Fourth-year ICU student Michinori Suzuki received a JICUF student travel fund of ¥651,800 last fall to conduct two research trips to Hokkaido. Michinori majors in linguistics, and made the first trip in March with one other, and the second trip in July with two other students. In the spring, they visited Hakodate, Otaru and Asahikawa, and in the summer, they added Kitami and Kushiro to their destination. We asked him about his research on voiced plosives in two Japanese dialects.
JICUF: What is your research about, and what was the purpose of your trip?
Michinori Suzuki (MS): This project is part of a linguistic study with a focus on phonetics, which explores the sound systems of languages. The current project compares two Japanese dialects (the Hokkaido and Kanto dialects) by examining vocal vibration using acoustic and articulatory methods. The recording is conducted with a microphone and a device called Electroglottograph (EGG), which measures vocal vibration.We visited five locations in Hokkaido to collect data from speakers who grew up and stayed in the area.
At first, when I took a Phonetics course, the students had a chance to record our own voices using Electroglottograph(EGG). All of the students said “aba” ([b] sound is supposed to be accompanied by vocal vibration), but according to the EGG data, most of the Japanese students said “apa” (= the results did not show much vocal vibration). However, only one student from Hokkaido showed full vocal vibration during “b”. Based on the observation, we hypothesized that vocal cords of people from the Hokkaido region vibrate more than people from the Kanto region when pronouncing sounds like [b], which are called voiced obstruents.
Then, we tried to conduct an experiment by recording eight ICU students (four from the Hokkaido area and four from the Kanto area). The results indicated a difference in pronunciation between these two dialects, and we reported this result in the 31st general meeting of the Phonetic Society of Japan. In the conference, a professor suggested that we research pronunciation of people who grew up and stayed in the Hokkaido area because ICU students from there have already spent two or more years in the Tokyo area, and Kanto dialects may affect their pronunciation. Therefore, in this project, we aim to examine whether the phenomena can be observed in the Hokkaido dialect. We would also like to explain how exactly these two dialects are different using statistical methods.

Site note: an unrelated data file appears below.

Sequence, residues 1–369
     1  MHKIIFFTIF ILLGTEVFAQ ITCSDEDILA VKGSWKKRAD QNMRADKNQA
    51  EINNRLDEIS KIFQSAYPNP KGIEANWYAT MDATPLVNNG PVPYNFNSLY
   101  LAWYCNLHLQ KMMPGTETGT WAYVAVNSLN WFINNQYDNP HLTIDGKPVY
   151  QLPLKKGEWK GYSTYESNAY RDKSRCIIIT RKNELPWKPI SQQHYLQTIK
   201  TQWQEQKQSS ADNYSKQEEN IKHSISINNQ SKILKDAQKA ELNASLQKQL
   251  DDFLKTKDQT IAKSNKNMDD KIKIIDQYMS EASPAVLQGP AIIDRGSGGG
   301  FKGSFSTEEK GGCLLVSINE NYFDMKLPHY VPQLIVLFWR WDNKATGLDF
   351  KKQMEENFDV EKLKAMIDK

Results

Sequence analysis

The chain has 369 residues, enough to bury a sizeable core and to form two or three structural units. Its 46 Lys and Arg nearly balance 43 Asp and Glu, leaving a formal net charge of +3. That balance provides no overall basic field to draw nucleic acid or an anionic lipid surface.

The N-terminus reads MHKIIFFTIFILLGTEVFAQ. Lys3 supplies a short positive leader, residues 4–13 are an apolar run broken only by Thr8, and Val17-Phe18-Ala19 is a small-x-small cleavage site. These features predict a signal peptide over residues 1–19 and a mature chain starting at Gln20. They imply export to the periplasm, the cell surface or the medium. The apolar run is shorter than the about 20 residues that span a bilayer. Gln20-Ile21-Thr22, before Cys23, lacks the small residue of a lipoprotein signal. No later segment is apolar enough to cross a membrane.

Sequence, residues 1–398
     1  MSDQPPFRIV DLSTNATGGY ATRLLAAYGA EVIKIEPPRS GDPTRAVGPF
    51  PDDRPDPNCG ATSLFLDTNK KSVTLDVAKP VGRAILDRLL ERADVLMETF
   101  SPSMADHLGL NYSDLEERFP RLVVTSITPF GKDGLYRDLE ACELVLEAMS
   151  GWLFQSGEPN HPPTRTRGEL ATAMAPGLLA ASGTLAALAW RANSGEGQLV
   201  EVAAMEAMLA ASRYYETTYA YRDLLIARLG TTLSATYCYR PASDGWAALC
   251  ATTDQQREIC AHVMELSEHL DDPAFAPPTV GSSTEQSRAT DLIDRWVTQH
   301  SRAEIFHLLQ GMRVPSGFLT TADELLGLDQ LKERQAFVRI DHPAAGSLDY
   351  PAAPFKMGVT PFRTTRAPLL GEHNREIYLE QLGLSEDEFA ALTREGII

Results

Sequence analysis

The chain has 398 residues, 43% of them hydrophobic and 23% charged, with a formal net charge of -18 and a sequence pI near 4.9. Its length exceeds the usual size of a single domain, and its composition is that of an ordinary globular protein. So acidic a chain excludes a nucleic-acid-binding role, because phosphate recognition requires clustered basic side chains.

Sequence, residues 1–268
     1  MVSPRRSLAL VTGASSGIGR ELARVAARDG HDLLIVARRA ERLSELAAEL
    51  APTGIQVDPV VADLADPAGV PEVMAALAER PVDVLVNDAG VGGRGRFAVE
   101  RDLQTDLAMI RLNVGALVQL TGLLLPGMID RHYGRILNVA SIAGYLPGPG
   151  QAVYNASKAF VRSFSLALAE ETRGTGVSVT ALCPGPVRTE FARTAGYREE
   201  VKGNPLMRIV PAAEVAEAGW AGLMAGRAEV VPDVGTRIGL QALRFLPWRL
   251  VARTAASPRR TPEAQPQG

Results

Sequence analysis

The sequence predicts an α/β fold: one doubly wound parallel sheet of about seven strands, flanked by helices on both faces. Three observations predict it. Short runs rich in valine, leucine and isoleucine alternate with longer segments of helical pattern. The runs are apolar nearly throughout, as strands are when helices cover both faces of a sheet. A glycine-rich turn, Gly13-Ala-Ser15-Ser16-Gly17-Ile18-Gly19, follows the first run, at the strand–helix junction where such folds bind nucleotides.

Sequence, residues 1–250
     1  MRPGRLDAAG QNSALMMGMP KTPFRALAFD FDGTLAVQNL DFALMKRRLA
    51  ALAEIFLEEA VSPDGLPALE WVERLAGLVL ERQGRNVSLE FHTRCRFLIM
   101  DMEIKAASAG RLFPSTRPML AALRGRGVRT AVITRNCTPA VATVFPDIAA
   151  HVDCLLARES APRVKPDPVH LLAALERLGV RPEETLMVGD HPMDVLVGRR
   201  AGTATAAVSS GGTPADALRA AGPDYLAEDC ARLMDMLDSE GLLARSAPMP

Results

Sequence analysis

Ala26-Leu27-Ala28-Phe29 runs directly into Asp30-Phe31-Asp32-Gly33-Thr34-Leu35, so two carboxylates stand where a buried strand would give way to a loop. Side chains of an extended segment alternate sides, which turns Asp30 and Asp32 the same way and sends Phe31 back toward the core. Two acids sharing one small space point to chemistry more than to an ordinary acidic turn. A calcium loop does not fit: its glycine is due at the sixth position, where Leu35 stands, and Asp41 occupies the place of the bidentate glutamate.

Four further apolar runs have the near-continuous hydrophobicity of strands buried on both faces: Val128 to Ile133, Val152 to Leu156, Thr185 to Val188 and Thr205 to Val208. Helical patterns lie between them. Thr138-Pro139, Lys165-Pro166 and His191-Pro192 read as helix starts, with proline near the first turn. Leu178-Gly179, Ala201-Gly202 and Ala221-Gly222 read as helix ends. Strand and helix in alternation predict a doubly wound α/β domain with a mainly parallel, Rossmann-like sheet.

JICUF: How did your summer trip go?
MS: We conducted studies in five different cities in Hokkaido as suggested by Professor Mieko Takada, an expert in Japanese sound systems from Aichi Gakuin University. Starting from Hakodate, we moved to Otaru, Asahikawa, Kitami, and Kushiro. We spent one day recording participants and the next one day moving to the next city, because Hokkaido is very large. In total, research was conducted during a 10-day trip. We were able to record 20 participants in these regions.
I would like to emphasize that Hokkaido had nice weather compared to Tokyo. When we launched this project in Hokkaido, Tokyo was scorching hot. I’m pretty sure that I would have melted if I were in Tokyo at that time.
JICUF: How did the JICUF funds help you accomplish your project?
MS: The JICUF funds covered honorarium for the participants, transportation expenses, accommodation, as well as meals and incidentals. Under the guidance of Dr. Seunghun Lee, the fund also provided me with an opportunity to learn how to organize a research project. In particular, forming a research team (with two other linguistics students), preparing experimental stimuli, contacting prospective participants, and planning for analyses and dissemination. This project would not have been possible without funding from JICUF. I would like to thank JICUF for giving me this opportunity of conducting field research, which will prepare me better to become a linguist in the future.
JICUF: Thank you Michinori! Good luck with your project!